Interaction of Native Bile Acids with Human Apical Sodium-Dependent Bile Acid Transporter (hASBT): Influence of Steroidal Hydroxylation Pattern and C-24 Conjugation
Authors: Balakrishnan, Anand; Wring, Stephen; Polli, James
Source: Pharmaceutical Research, Volume 23, Number 7, July 2006 , pp. 1451-1459(9)
Abstract:The human apical sodium-dependent bile acid transporter (hASBT) is a potential target for drug delivery, but an understanding of hASBT substrate requirements is lacking. The objective of this study was to characterize hASBT interaction with its native substrates, bile acids, and to evaluate C-24 conjugation and steroidal hydroxylation on transport affinity and inhibition potency.
Transport and inhibition kinetics of 15 bile acids were evaluated (cholate, chenodeoxycholate, deoxycholate, ursodeoxycholate, and lithocholate, including their glycine and taurine conjugates) with an hASBT–Madin-Darby canine kidney (MDCK) monolayer assay. Samples were analyzed via liquid chromatography–mass spectrometry (LC-MS) or chromatography–mass spectrometry–mass spectrometry (LC-MS-MS).
C-24 conjugation improved the inhibitory potency of all native bile acids. There was an inverse association between number of steroidal hydroxyl groups and inhibitory potency. Glycolithocholate and taurolithocholate were the most potent inhibitors. Results from transport studies followed trends from inhibition studies. Conjugated dihydroxy and monohydroxy bile acids exhibited the highest hASBT-mediated transport (i.e., lower Kt and higher Jmax). Across the 15 bile acids, Kt generally followed Ki. Additionally, Jmax correlated with Ki, where greater inhibition potency was associated with higher transport capacity.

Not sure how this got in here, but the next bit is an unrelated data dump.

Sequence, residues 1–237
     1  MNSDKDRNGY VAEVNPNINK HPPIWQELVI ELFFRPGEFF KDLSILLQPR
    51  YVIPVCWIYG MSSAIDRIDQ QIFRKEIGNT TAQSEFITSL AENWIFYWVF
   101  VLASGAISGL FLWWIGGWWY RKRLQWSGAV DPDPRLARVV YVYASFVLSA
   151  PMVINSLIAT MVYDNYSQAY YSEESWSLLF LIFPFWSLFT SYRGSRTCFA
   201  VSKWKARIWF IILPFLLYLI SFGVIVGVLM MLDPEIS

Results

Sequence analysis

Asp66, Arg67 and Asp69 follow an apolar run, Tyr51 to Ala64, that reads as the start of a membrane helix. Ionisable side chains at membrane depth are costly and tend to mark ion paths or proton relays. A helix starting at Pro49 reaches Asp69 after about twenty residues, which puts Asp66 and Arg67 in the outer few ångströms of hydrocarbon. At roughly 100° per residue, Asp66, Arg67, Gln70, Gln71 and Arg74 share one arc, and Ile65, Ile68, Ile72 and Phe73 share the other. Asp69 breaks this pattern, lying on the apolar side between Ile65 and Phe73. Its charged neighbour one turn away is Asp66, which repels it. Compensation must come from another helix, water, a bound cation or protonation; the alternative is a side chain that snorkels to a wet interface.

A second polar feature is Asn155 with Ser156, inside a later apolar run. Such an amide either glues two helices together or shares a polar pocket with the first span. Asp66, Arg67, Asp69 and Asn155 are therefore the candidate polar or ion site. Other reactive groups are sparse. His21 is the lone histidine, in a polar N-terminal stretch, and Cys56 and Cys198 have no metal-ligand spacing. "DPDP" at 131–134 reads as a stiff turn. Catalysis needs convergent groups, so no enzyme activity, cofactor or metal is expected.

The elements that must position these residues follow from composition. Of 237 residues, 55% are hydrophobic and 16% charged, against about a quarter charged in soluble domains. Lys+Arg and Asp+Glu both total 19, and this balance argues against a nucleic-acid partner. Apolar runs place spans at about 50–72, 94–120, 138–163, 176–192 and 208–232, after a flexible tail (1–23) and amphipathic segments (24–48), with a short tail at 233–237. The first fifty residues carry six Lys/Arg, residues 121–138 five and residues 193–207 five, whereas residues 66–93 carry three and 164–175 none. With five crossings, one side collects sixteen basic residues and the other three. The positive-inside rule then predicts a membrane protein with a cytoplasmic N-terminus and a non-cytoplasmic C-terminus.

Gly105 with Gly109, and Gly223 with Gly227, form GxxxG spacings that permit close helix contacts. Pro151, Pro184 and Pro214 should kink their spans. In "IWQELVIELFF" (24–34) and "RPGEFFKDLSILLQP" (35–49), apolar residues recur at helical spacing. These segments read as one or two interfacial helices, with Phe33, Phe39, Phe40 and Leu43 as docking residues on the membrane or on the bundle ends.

C-24 conjugation and steroidal hydroxylation pattern modulated native bile acid interaction with hASBT, with C-24 effect dominating steroidal hydroxylation effect. Results indicate that bile acid binding to hASBT may be the rate-limiting step in the apical transport of bile acids.
Document Type: Research Article
Affiliations: Email: email@example.com
Publication date: July 1, 2006